The current year is filled with many celestial events starting from asteroid attacks to solar as well as lunar eclipses. Recently, the Earth faced an annular solar eclipse on June 21, 2020. On June 6, 2020, the strawberry lunar eclipse took place which was another beautiful celestial event.
A lunar eclipse occurs when the Moon moves into the Earth’s shadow. This can occur only when the Sun, Earth, and Moon are exactly or very closely aligned with Earth between the other two. This weekend you will get to see the moon enter an eclipse along with the beautiful full buck moon. This type of lunar eclipse takes place when the moon, the sun, and the earth are not perfectly aligned with each other. The moon then passes through the outer part of the earth’s shadow and this results in a penumbral lunar eclipse.
Lunar eclipse 2020: Watch the full buck moon
Moon is said to reach its fullness astronomically when it is 180 degrees opposite the sun in ecliptic longitude. A full buck moon is a special sighting. This astronomical event happens when the moon passes from behind the earth’s orbit, allowing the sun’s rays to illuminate as it passes through.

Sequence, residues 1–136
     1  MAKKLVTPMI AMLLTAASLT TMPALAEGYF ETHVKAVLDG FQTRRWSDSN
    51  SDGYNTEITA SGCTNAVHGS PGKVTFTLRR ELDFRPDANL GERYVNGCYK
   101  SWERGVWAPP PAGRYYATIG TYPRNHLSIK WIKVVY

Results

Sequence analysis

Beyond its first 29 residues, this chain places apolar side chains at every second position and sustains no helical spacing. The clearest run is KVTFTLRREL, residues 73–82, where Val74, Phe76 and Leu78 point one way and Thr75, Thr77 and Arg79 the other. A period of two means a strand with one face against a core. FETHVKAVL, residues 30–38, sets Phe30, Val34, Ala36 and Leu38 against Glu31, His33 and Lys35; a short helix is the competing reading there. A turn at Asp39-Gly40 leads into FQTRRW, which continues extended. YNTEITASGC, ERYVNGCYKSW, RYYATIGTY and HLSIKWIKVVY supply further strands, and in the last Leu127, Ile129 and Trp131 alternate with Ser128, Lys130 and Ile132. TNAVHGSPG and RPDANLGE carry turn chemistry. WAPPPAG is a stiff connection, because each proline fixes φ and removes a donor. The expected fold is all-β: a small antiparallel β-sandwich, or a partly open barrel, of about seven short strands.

On the night of July 4, the full moon will pass through part of Earth’s shadow, creating a lunar eclipse that will be visible across North America and South America: https://t.co/sRDMPUUoEY pic.twitter.com/XRZmGlWYGG
— AccuWeather (@accuweather) June 30, 2020
The lunar eclipse of July 5 will be observed in many parts of North and South America and Africa. Unfortunately, it won’t be visible from India as it will take place during the broad daylight. The eclipse will begin at 8.37 am on July 5, enter its maximum phase at 9:59 am and conclude at 11.22 am. It will continue for approximately 2 hours and 45 minutes.
Interestingly, the penumbral lunar eclipse that occurs in July is also known as Thunder Moon Eclipse. The name comes from the summer storms that occur around July’s full moon, giving it the name “Thunder Moon.” It is also called the “Buck Moon” because male deer lose their antlers in this month. Some even call it the “Hay Moon” because of the hay harvest.
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Suryapratim Ray is an engineer, author, robotics hobbyist, and an active Quoran. Being a technical blogger, he covers the good, bad, and ugly of science on a regular basis at Sciencenews18. In addition to his passion for writing, he’s equally keen on learning classical music.